N.B. The translation given above is from Vol. IV. of Bryant’s Ancient Mythology. The fragment above given is mentioned by Josephus; and some lines are quoted by the Christian Fathers, Athenagoras and Theophilus of Antioch.”

E. Edmond Hodges, Cory’s Ancient Fragments, 3d ed., 1876, pp. 75-6.

There Were Giants

” … But if all the nations, or even the upper classes of those nations, which bear the name, be the sons of Cush, one-third of the present human race must be the descendants of that patriarch. Indeed, before the introduction of Ionism, Epiphanius and others appear to have included all mankind under the name of Scuths. The first apostacy might have been introduced by Cush, and its followers have borne his name; which the succeeding heresy of Nimrod could not obliterate.

The Scythian nations of Touran and the North were generally addicted to the Scythic superstition; and whenever they rolled back the tide of war upon their ancient rivals; the idols temples and cities were the objects upon which they satiated their revenge.

They were esteemed excommunicated, and of the Giant race, Nephelim, Rephaim and Anakim. The Scuths of Iran were also of the Giant race, with Nimrod as their chief. Of the Titanian war there appears to be a double aspect. When the Scuths of Touran are the Giants, the war between them and the Ionim is the subject of the legend; and they are the Giants cast out into Cimmerian darkness, and buried under mountains.

The other view presents both parties conjointly before the schism, as the Nephelim, Apostates or Giants, engaged in carrying on the war against Heaven itself. And in these accounts we find more frequent allusions to the Tower and its supernatural overthrow.

The catastrophe at Babel completed the dispersion. On the division of the earth and planting of the nations, there are some very curious notices extant. But whether Nimrod and his immediate adherents survived, and retained possession of Babylon, or transferred their seat of government to Nineveh and founded the great Iranian empire, or whether that empire and city were founded by Assur and the sons of Shem, is still a subject of dispute.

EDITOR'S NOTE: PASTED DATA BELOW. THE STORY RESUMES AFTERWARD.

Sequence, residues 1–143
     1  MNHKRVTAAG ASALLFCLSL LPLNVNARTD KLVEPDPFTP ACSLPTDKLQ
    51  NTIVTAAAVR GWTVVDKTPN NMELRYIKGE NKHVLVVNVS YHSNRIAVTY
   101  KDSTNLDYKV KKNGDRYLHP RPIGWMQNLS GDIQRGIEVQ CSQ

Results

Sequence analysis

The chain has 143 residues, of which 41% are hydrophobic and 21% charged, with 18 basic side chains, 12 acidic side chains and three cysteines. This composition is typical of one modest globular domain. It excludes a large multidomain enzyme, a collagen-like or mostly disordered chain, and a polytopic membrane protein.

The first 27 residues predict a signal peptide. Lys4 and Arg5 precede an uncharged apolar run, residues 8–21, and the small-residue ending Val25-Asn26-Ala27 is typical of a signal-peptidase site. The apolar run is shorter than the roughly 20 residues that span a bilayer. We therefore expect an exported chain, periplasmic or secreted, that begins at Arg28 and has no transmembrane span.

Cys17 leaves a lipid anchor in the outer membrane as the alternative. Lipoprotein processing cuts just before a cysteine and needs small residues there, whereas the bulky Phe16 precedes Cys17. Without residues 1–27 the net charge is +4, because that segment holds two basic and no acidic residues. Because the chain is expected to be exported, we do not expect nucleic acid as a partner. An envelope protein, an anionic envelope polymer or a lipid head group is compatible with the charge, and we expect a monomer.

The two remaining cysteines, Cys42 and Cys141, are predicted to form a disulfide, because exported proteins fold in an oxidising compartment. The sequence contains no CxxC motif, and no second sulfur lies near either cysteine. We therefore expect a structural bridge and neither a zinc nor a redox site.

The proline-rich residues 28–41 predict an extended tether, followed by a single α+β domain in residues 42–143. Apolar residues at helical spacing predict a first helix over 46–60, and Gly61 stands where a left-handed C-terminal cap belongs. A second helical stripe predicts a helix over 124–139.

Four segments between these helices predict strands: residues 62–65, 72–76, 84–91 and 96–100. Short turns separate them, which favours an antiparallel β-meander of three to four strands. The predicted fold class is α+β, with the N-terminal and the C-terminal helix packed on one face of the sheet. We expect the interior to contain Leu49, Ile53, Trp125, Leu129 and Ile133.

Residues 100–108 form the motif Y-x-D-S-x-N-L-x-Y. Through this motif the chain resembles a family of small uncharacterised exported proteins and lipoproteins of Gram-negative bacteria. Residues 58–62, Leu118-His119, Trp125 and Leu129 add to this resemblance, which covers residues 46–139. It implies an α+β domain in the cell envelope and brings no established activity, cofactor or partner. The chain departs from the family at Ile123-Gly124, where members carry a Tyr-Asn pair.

We find Nimrod, however, under the well-known title of Alorus, at the head of the two Chaldæan dynasties, mentioned above: but these appear rather to refer to the antediluvian patriarchs than to the proper kings of Chaldæa.

The first dynasty of Chaldæan Kings is placed by almost all chronologists as the first Iranian dynasty, that of Nimrod under the name of Evechius, and his immediate descendants. Evexius is also placed by Polyhistor as the first Chaldæan king. The dynasty of the Arabian kings of Chaldæan is placed by Eusebius, Syncellus and others, as well as by Berossus, next in the order of succession.

They have likewise been supposed to be a Scythic nation, which broke in upon the empire from the Scythian settlements of Cashgar, and obtained possession either of the entire empire, or only of the city of Babylon, during the period of its desolation, with the plains of Shinar and the country round the head of the Persian gulf, from whence they were expelled, and discharged themselves upon Palestine as the Palli or Philistines, and upon Egypt as the Hycsos or Shepherd Kings.

Next in succession, according to Eusebius and Syncellus, or perhaps contemporary with the preceding, came the long line of the great dynasty of the Assyrian Kings, who held the empire of the world for ten or twelve centuries, till their dominion was wrested from them by the Medes in the time of Thonus Concolerus, the Sardanapalus of the Greek historians.